The genotype and allele frequency distributions for G870A among the cases and controls and their associations with risk for cervical cancer are shown in Table 2. The frequencies of genotype GG, AG and AA of CCND1 were 7.2, 55.8 and 37.0%, respectively, in the patient group; and 16.7, 46.1 and 37.2%, respectively, in the control group. The allele frequencies for G and A were 35.2 and 64.8%, respectively, in the patient group; and 39.8 and 60.2%, respectively, in the control group. The genotype distribution was in the Hardy-Weinberg equilibrium in control group (p = 0.650). The CCND1 G870A polymorphism showed significant difference between NPC patients and healthy controls in genotype comparison (AA vs. GG: OR = 2.291, 95% CI 1.086–4.833, p = 0.030; AG vs. GG: OR = 2.788, 95% CI 0.350–5.756, p = 0.006; AA/AG vs. GG: OR = 2.566, 95% CI 1.275–5.165, p = 0.008; AA vs. AG/GG: OR = 0.991, 95% CI 0.644–1.526, p = 0.968,Table 2). Similar significant differences were found in age-adjusted logistic regression analysis (AA vs. GG: OR = 2.300, 95% CI 1.089–4.857, p = 0.029; AG vs. GG: OR = 2.832, 95% CI 1.367–5.867, p = 0.005; AA/AG vs. GG: OR = 2.597, 95% CI 1.288–5.237, p = 0.008; AA vs. AG/GG: OR = 0.984, 95% CI 0.638–1.518, p = 0.944, Table 2). However, no significant association was found between NPC patients and healthy controls in allele comparison (p = 0.203, Table 2).

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Table 2. Genotype and Allele Distribution of cylin D1(CCND1) in Patients and Controls.

https://doi.org/10.1371/journal.pone.0113299.t002

Meta-analysis results

In total, six studies (844 cases and 1164 controls) published from 2002 to 2014, including our study, were identified to be eligible studies. The detailed process of selecting and excluding articles is presented in Figure S1. The characteristics of all the enrolled studies that were performed in the meta-analysis were listed in Table 3. The genotype distributions of all studies in the control groups conformed to the HWE equilibrium except the report by Shih et al. Studies with controls not in Hardy-Weinberg equilibrium (HWE) were also considered for the meta-analysis, but they were excluded in the sensitivity analysis. Overall, the combined results indicated that CCND1 G870A polymorphism was not significantly associated with NPC risk in all genetic models (for the allele model A vs. G: OR = 0.84, 95% CI 0.62–1.15, p = 0.28; for the co-dominant model AA vs. GG: OR = 0.72, 95% CI 0.37–1.43, p = 0.35; for the dominant model AA/AG vs. GG: OR = 0.75, 95% CI 0.43–1.30, p = 0.30; for the recessive model AA vs. AG/GG: OR = 0.86, 95% CI 0.56–1.30, p = 0.47, Fig. 1). The sensitivity analysis indicated omission of any single study did not have significant impact on the combined ORs (Fig. 2). Subgroup analyses by ethnicity further showed that there was also no significant association between CCND1 G870A polymorphism and NPC risk in Asians (for the allele model A vs. G: OR = 0.89, 95% CI 0.56–1.41, p = 0.61; for the co-dominant model AA vs. GG: OR = 0.85, 95% CI 0.30–2.43, p = 0.77; for the dominant model AA/AG vs. GG: OR = 0.94, 95% CI 0.42–2.13, p = 0.89; for the recessive model AA vs. AG/GG: OR = 0.83, 95% CI 0.45–1.55, p = 0.56) (Table 4). However, significant associations were found in Caucasians in three genetic model (for the allele model A vs. G: OR = 0.75, 95% CI 0.59–0.97, p = 0.03; for the co-dominant model AA vs. GG: OR = 0.52, 95% CI 0.32–0.86, p = 0.01; for the dominant model AA/AG vs. GG: OR = 0.49, 95% CI 0.32–0.74, p<0. 01; for the recessive model AA vs. AG/GG: OR = 0.90, 95% CI 0.61–1.34, p = 0.60) (Table 4).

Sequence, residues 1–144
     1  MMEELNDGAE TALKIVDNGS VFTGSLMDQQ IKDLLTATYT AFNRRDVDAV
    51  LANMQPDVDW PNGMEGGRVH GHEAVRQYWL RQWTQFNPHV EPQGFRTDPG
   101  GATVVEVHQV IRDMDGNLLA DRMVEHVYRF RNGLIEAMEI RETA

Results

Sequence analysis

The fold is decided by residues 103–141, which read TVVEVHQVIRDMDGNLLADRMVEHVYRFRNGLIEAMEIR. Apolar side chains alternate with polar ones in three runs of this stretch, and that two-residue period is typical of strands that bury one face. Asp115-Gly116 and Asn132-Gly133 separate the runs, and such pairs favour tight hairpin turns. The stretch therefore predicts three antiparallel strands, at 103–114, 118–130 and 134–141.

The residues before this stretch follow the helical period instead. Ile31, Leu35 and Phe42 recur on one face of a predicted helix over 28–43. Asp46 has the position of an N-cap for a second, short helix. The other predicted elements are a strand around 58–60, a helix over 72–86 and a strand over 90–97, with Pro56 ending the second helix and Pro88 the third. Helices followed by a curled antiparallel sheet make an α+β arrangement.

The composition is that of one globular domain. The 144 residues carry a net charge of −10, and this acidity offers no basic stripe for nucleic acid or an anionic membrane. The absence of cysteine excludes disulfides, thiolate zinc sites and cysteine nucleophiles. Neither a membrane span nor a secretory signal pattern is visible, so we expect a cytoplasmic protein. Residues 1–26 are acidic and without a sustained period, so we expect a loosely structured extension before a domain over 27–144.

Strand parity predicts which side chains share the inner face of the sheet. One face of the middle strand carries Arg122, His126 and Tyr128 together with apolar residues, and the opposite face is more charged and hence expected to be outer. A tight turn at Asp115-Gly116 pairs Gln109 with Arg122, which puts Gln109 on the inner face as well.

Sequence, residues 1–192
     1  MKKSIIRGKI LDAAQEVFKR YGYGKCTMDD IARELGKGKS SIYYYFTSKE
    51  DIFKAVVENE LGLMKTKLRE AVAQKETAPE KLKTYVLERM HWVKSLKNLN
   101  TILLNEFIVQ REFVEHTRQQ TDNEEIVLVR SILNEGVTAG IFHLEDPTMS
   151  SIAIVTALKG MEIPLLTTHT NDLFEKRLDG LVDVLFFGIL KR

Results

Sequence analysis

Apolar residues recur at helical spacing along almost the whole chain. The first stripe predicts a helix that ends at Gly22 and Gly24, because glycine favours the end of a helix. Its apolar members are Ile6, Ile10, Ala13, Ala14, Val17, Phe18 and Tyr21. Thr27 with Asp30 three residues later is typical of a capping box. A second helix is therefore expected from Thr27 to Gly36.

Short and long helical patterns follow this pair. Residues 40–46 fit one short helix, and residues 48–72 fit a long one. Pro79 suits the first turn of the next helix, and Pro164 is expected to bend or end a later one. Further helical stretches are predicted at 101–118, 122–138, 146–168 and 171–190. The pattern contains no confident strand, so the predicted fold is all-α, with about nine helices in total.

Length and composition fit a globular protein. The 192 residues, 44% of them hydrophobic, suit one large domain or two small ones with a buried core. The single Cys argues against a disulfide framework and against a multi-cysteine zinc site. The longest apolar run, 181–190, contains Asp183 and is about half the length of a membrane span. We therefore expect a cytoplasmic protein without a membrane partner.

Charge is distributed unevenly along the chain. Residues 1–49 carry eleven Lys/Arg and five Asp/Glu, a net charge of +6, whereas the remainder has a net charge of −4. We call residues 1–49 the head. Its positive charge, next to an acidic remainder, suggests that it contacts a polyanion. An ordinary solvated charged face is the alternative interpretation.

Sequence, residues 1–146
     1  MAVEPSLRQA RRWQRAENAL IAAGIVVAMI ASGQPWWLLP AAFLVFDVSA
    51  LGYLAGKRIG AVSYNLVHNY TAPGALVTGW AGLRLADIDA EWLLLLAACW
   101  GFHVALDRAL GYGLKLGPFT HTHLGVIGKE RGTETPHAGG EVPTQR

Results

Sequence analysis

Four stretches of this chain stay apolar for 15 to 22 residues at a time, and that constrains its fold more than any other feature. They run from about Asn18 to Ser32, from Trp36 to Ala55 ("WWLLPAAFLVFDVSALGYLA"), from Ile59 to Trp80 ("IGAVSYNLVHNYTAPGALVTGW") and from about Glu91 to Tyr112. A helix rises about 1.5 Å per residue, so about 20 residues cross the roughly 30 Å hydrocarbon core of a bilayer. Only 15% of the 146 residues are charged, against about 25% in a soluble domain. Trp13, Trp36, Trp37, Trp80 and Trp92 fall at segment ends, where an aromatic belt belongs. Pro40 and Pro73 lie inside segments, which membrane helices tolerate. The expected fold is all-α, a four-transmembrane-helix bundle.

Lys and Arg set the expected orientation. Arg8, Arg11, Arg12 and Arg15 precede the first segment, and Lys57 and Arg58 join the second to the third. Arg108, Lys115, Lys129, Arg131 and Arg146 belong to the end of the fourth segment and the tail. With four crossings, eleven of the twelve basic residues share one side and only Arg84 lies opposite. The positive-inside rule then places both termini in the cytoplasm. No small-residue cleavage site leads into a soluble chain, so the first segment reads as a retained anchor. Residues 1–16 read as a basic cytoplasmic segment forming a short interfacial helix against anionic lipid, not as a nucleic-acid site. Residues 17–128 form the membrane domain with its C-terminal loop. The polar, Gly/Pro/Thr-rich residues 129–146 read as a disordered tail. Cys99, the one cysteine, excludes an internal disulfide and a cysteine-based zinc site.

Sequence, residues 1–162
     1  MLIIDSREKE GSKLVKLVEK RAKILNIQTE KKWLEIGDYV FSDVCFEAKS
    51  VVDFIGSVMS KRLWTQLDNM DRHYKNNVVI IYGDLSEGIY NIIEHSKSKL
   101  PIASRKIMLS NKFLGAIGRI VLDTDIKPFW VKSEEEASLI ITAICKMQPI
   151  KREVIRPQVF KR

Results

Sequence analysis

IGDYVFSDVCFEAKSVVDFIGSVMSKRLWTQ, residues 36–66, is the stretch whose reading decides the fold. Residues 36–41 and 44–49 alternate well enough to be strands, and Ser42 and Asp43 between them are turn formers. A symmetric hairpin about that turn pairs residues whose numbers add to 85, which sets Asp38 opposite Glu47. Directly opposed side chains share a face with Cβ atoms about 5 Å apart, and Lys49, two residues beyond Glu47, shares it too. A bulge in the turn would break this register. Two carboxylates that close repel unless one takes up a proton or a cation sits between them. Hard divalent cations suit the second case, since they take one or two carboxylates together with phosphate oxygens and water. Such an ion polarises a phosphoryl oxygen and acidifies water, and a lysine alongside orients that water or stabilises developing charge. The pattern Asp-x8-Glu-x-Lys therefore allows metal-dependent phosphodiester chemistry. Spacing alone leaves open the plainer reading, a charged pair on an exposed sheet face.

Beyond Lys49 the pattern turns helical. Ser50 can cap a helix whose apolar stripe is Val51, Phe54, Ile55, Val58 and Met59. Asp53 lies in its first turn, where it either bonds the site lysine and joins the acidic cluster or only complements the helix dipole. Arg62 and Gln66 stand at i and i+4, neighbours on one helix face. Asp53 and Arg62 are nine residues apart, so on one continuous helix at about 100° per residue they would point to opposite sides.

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Figure 1. Forest plot of the risk of nasopharyngeal carcinoma associated with the CCND1 G870A polymorphism.

A, the alleles model (A vs. G); B, the co-dominant model (AA vs. GG); C, the dominant model (AA/AG vs. GG); D, the recessive model (AA vs. AG/GG). Error bars indicate 95% CI. Solid squares represent each study in the meta-analysis. Solid diamonds represent pooled OR.

https://doi.org/10.1371/journal.pone.0113299.g001

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Figure 2. Influence analysis for the co-dominant model (AA vs. GG) in the overall meta-analysis.

This figure shows the influence of individual studies on the summary OR. The middle vertical axis indicates the overall OR and the two vertical axes indicate its 95% CI. Every hollow round indicates the pooled OR when the left study is omitted in this meta-analysis. The two ends of the dotted lines represent the 95% CI.

https://doi.org/10.1371/journal.pone.0113299.g002

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Table 3. The characteristics of the included studies in the meta analysis.

https://doi.org/10.1371/journal.pone.0113299.t003

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Table 4. Meta-analysis of cylin D1(CCND1) polymorphism and risk of NPC.

https://doi.org/10.1371/journal.pone.0113299.t004

Publication bias

The Begg’s funnel plot and Egger’s test were used to estimate the publication bias of the meta-analysis. As the shape of the funnel plots of the all genetic models seem symmetrical, this indicated low publication bias in this meta-analysis (Fig. 3).

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Figure 3. Begger’s funnel plots for publication bias of the meta-analysis on the association between CCND1 G870A polymorphism and NPC risk in co-dominant model (AA vs. GG).

https://doi.org/10.1371/journal.pone.0113299.g003

Discussion

Nasopharyngeal carcinoma is an epithelial malignancy with an unusual ethnic and geographic disparity [24]. The formation of NPC results from complex interactions between genetic backgrounds and environmental factors [25], [26]. CCND1, a key regulator of cell cycle progression, plays an important role in the G1/S checkpoint of the cell cycle [27]. The disorder of CCND1 would contribute to cancer development. The CCND1 G870A polymorphism will change the spliced transcript of CCND1 and lead to over expression of CCND1, which may lead to abnormal cell proliferation and contribute to cancer development. Several meta-analyses have revealed the associations between CCND1 G870A polymorphism and cancer risk, including lung cancer, oral cancer, esophageal cancer and breast cancer [28][30].